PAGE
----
The defense team had opted not to call any witnesses, an aggressive strategy intended to send a message to the jury that the prosecutors had simply failed to prove their case. In the meeting, the defense asked if anything would have swayed them toward an acquittal. Some jurors responded that they wanted to hear from Silver himself. Others said they had hoped to hear from character witnesses who could attest to Silver’s lifetime of public service. And at least one juror asked why Silver’s chief of staff in the Assembly, Judy Rapfogel, never testified. Her name was invoked several times during the trial, and she was on the prosecution’s list of potential witnesses, but was never called to the stand.
Silver was forced to step down from his seat in the New York State Assembly after the conviction. Gov. Cuomo has not yet called a special election for the vacancy in the 65th Assembly District. If he chooses not to do so, Lower Manhattan will be without representation in the assembly until January of 2017.
Shelden Silver with defense attorney Steven Molo outside the federal courthouse in Manhattan.
Former Lower East Side Assemblyman Sheldon Silver will be sentenced in federal court April 13. Judge Valerie Caproni set the date yesterday.
On Nov. 30, a jury convicted the onetime Assembly speaker of honest services fraud, extortion and money laundering. In theory, Silver could be sentenced to 130 years in prison, but a much shorter term is expected. Silver’s legal team is appealing the verdict and the lifelong Lower East Side resident has expressed confidence in his eventual vindication.
Silver was forced to relinquish his seat, representing the 65th Assembly District, following the verdict. Governor Cuomo has suggested he will call a special election for April 19, just a few days after Silver’s sentencing date. We’ll have a comprehensive report on the battle to succeed Silver in the next couple of days.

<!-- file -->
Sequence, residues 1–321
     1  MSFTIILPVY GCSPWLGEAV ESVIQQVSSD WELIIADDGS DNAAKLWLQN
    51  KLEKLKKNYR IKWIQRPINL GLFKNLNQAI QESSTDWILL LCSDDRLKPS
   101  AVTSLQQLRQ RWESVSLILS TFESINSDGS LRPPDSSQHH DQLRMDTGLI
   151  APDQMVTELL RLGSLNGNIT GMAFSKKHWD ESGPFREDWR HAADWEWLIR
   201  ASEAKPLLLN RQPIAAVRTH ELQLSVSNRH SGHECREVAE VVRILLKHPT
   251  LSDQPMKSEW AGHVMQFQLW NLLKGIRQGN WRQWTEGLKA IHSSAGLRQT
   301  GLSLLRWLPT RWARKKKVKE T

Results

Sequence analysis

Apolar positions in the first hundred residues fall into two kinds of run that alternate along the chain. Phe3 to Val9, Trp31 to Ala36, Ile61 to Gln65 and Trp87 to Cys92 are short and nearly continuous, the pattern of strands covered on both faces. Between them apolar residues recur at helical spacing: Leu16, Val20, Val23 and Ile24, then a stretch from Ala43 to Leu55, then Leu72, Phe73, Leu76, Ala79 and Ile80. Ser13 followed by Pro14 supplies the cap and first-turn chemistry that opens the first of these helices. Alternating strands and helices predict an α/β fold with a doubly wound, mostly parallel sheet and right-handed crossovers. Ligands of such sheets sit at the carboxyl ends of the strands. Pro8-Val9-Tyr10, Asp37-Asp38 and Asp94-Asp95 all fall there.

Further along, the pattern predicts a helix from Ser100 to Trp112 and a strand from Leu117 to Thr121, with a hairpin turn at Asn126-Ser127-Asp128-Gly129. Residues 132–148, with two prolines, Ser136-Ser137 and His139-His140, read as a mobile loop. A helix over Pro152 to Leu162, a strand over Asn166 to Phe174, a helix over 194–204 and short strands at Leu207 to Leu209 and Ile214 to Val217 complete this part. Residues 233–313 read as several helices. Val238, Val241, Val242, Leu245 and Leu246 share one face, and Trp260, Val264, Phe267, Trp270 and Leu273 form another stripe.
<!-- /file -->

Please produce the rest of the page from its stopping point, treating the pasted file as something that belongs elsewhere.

October 2012: Silver joined community activists, other elected officials to protest the closing of the Cherry Street Pathmark store.
People in the community have now had a little bit of time to process yesterday’s conviction of Sheldon Silver on federal corruption charges. Here are some of the comments we’ve gathered in the past 24 hours from local politicos.
State Sen. Daniel Squadron:
From the facts in the trial to the fact that our community has joined the growing list that has lost a representative to criminal conviction, this must be another urgent call to change how Albany works — closing the LLC loophole, campaign finance reform, and more. It’s certainly somber for many in Lower Manhattan, where he was a stalwart on issues like rebuilding after 9/11 and school overcrowding, and across the state, where there is no joy in again being reminded just how broken our state government is.
City Council member Margaret Chin:
As an elected official who proudly represents some of the same people who repeatedly put their faith in one man to further their best interests in Albany, I have been troubled by the steady stream of revelations regarding Mr. Silver’s conduct. Today’s verdict by a jury of his peers confirms the worst of those allegations. By committing the crimes of which he now stands convicted, Mr. Silver betrayed the trust of voters who have the right to expect honesty, integrity, and ethics from their elected representatives.
John Quinn, Lower East Side Democrats:
We’ve lost a stabilizing force in our community. No matter what you might have thought about him, Shelly showed up. He was there when we needed him. The guy has done a lot of good things — from bringing new schools downtown to keeping senior centers open. It’s sad. I think we’re all in shock.
Virginia Kee, United Democratic Organization/Chinatown activist: